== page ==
March 21 (UPI) -- Homeland Security Secretary Alejandro Mayorkas on Sunday asserted that the U.S. border is closed but declined to state when the Biden administration will open new facilities to accommodate an influx of unaccompanied children arriving from the southern border.
Appearing on ABC News' This Week, Mayorkas was asked to clarify what host Martha Raddatz described as "mixed" messages from the administration on immigration, to which he replied that migrants should not seek to enter the United States.
"The message is quite clear: Do not come. The border is closed. The border is secure," he said. "We are encouraging children not to come, now is not the time to come."
More than 5,000 unaccompanied children are being held in Customs and Border Protection facilities, while being held in custody for an average of 136 hours, nearly twice the 72-hour limit outlined by U.S. law, according to documents obtained by CNN and CBS News.
Responding to why the Department of Homeland Security seemed unprepared for the arrival of migrants at the border, Mayorkas said the Biden administration is "rebuilding the system" left in place by its predecessor.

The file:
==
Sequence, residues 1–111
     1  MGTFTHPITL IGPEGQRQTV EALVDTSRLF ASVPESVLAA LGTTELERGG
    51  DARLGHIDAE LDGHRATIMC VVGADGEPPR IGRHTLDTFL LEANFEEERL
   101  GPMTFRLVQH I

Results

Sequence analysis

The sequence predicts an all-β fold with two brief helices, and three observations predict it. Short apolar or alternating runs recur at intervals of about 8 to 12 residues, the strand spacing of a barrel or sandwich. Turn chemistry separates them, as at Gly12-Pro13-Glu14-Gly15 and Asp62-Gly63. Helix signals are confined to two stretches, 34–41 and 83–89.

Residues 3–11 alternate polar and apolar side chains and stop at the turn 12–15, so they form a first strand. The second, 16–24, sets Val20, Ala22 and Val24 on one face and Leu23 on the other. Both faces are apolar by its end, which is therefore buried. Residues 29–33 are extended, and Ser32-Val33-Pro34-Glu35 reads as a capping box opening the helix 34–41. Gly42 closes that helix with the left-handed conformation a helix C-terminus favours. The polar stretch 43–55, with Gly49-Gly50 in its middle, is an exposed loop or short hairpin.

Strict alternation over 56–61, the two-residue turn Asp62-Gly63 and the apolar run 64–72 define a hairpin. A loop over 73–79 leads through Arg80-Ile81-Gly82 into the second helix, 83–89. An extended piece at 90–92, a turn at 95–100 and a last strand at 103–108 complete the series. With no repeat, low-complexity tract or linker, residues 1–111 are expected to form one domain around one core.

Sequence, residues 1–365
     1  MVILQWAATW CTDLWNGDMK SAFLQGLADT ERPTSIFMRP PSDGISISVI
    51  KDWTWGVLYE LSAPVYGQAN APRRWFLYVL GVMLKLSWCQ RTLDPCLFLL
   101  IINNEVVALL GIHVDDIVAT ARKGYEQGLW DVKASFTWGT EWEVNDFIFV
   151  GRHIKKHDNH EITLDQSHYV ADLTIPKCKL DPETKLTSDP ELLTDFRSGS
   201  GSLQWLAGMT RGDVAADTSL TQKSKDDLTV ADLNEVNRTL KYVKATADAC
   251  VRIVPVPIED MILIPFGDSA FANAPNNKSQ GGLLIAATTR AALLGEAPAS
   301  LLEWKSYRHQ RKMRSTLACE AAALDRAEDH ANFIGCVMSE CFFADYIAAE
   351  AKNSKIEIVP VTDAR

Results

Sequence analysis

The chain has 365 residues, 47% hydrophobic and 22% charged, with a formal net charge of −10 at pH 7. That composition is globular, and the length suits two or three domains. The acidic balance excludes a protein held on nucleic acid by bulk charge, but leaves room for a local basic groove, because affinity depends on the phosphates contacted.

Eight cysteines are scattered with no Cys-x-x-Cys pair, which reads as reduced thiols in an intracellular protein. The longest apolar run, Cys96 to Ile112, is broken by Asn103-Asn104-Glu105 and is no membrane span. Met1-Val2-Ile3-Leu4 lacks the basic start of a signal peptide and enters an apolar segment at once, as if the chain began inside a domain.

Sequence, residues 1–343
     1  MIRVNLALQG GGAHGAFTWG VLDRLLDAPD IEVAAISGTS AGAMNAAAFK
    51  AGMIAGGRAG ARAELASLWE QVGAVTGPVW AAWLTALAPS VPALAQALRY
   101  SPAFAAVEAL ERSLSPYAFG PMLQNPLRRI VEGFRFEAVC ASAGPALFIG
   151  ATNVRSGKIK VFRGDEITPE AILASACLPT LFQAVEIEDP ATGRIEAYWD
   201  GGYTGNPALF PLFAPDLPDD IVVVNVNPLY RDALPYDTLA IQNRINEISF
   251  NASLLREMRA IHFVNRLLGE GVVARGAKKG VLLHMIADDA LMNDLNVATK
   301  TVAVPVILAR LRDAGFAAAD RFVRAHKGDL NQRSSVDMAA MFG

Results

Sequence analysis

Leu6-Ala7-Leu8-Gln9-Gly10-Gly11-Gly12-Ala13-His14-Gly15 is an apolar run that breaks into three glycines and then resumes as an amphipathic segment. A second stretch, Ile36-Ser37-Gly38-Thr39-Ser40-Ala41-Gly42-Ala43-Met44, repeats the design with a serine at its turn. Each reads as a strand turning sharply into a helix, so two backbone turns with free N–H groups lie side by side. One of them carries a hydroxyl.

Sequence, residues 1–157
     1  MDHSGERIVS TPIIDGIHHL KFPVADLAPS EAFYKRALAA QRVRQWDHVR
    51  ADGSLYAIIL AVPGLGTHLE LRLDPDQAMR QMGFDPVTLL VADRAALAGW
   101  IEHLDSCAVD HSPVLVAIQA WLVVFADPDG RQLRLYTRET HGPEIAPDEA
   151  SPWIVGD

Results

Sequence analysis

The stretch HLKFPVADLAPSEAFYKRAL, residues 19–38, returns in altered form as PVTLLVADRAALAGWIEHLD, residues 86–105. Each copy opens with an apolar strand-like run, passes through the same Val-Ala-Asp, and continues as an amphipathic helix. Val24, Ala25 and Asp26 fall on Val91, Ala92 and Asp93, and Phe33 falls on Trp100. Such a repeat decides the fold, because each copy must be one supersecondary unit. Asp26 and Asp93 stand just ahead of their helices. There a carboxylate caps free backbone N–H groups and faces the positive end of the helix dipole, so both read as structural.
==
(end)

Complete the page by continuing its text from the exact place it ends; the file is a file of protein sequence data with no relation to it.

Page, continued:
"Why is it especially challenging and difficult now? Because the entire system under United States law that has been in place throughout administrations of both parties was dismantled in its entirety by the Trump administration," he said.
Mayorkas told CNN's State of the Union that the administration established three new facilities, last week and said it would look to provide more "as soon as possible" but did not provide a specific date, citing complications related to the COVID-19 pandemic.
"I have said repeatedly from the very outset that a Border Patrol station is no place for a child and that is why we are working around the clock to move those children out of the Border Patrol facilities and into the care and custody of the Department of Health and Human Services that shelters them," he said.
Fox News Sunday host Chris Wallace pressed Mayorkas on why reporters were not permitted to see the conditions the minors were being kept in when he traveled to the border with members of Congress on Friday.
"Let's not forget that we're in the midst of a pandemic," said Mayorkas, adding that there are "hundreds of vulnerable children" at risk of the virus in crowded facilities.
Wallace suggested that it would not likely pose a problem for a pool reporter and camera crew to safely be permitted to the facility, to which Mayorkas responded that the administration is "working on providing footage so that the American public can see the border patrol stations."